Shelton, in her subsequent filmography, would return to the subject of sad white men in films like Humpday, Your Sister’s Sister and Outside In (while Touchy Feely and Laggies revisit the female focus of We Go Way Back.) Meanwhile, she honed her already impressive comedy chops helming episodes of New Girl, The Mindy Project, Master of None, The Good Place, Fresh Off the Boat, Love and more.
She also directed a Marc Maron comedy special and episodes of Maron’s sitcom and Netflix’s GLOW, in which Maron co-stars. So that explains why, for last year’s Sword of Trust (a 2020 Film Independent Spirit Award nominee this year for Best Editing), she cast Maron as one of the core four ensemble players in an assured, goofball comic romp that, once again, says more than it seems to about the type of people it concerns. In this case, it’s about progressives who have the luxury of mostly ignoring the awfulness of our time and are only motivated to take a closer look when they stand to make some money.
When out-of-town couple Cynthia (Jillian Bell) and Mary (Michaela Watkins) find themselves in Alabama to inherit a Civil War sword from Cynthia’s dead grandfather, all they want to do is get the item off their hands. But after taking it to a Birmingham pawn shop owned by Mel (Maron), they find out it’s worth a lot more than they thought—provided they’re willing to do business with the racist conspiracy theorists who want it. These three, along with Mel’s doltish employee Nathaniel (Jon Bass), head into the ridiculous, but dangerous, belly of the risibly ignorant beast.
Eleven years and a boatload of credits separate My Effortless Brilliance from Sword of Trust. And the increased filmmaking sophistication shows—as does the increased budget. But connective tissue is still apparent. Mel is yet another wry Sheltonian motormouth who uses sarcasm to avoid confronting real emotions, and although he’s lived in Alabama for fifteen years, his New York City past still makes him as much a city mouse among country mice as Eric.
Mel didn’t grow up in New York, though. He’s from New Mexico—the same state where Maron himself spent most of his formative childhood years. It’s likely, then, that the character was shaped around the performer, indicative of the collaborative spirit in which Shelton has often worked. Sword of Trust’s screenplay is credited to Shelton and writer/comedian Mike O’Brien, who appears early as a deluded YouTuber. 2017’s Outside In was co-written by lead actor Jay Duplass, and My Effortless Brilliance has a writing credit for every member of the cast, including Jeanette Maus, who appears for one scene as a journalist.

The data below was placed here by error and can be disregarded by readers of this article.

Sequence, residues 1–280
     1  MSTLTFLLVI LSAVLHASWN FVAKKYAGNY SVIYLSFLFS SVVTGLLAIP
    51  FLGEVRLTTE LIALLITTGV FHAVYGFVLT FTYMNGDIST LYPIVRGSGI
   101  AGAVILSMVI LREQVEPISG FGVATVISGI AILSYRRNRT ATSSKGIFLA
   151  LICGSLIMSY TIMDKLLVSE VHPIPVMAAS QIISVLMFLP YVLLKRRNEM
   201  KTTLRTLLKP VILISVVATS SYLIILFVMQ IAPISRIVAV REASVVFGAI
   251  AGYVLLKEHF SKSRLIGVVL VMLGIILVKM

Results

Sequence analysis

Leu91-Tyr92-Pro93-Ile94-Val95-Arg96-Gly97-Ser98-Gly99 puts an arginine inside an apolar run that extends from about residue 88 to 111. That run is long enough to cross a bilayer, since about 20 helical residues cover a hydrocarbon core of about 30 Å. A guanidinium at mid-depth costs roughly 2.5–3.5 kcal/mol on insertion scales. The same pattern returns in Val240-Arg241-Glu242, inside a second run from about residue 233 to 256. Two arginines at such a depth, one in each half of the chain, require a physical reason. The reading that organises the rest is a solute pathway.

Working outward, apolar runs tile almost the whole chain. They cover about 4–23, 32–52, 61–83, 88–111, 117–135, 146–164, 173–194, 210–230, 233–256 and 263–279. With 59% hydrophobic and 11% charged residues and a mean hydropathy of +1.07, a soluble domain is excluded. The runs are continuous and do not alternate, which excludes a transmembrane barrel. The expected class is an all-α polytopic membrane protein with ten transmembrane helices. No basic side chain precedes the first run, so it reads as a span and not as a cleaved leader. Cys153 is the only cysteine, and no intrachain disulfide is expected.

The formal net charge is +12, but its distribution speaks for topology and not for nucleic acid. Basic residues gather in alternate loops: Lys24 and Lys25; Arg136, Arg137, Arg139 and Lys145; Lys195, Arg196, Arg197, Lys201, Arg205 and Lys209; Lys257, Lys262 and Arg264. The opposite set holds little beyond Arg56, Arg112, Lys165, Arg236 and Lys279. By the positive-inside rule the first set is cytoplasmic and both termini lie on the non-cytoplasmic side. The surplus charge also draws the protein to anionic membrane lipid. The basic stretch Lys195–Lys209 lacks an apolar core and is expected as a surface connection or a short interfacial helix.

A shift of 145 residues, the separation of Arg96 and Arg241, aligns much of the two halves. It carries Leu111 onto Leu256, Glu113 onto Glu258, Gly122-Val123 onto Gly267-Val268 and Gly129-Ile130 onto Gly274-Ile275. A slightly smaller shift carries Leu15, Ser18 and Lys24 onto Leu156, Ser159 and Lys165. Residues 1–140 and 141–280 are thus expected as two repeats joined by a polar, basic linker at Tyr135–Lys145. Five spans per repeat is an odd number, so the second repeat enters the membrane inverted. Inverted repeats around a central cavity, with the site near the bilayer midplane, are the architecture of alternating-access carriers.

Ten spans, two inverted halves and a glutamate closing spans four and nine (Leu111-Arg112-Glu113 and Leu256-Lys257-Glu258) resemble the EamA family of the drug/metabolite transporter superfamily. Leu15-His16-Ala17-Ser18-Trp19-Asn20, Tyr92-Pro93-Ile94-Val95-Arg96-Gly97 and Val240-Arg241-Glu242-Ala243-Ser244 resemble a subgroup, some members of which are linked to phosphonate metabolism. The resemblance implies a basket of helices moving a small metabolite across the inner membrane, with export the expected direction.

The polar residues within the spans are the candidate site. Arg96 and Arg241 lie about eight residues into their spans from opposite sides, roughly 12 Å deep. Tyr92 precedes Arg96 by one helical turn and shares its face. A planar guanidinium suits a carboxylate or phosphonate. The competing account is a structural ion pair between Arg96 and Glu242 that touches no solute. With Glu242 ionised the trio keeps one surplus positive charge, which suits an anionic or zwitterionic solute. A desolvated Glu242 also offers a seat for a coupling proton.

Whether you want to use the derogatory name or not, Mumblecore has had a lasting influence on American cinema. And Shelton, with her ever-growing talent and her radical openness, continues to be a shining example of what that movement, or any movement, can be.
Other nominees: Nina Paley, who directed Sita Sings the Blues, has continued her animation career with multiple short films. She released her feature follow-up, Seder-Masochism, in 2018. 2008’s other Someone to Watch nominee, meanwhile, has a directing career that—if not quite as prolific as Shelton’s—has earned him even more prestige and critical praise. Barry Jenkins made his feature debut with the Mumblecore-adjacent Medicine for Melancholy (which was also nominated for Best First Feature and Best Cinematography.) But you might know him better from his sophomore effort, 2016’s Moonlight, which took home six Spirit Awards, and his most recent, If Beale Street Could Talk, which took home three (both winning Best Feature.)
The 35th Film Independent Spirit Awards will be broadcast exclusive on IFC Saturday, February 8 at 2:00 pm PT / 5:00 pm ET. Check out all of this year’s nominees here.
Interested in attending the 2020 Film Independent Spirit Awards? Contact Jennifer Murby at 323.556.9353 or email@example.com to learn more.
The Film Independent Spirit Awards are sponsored by Premier Sponsors American Airlines, IFC and Mazda. Bulleit Frontier Whiskey is the Official Spirit. FIJI Water is the Official Water. Getty Images is the Official Photographer. Town & Country Event Rentals is the Exclusive Rental Company.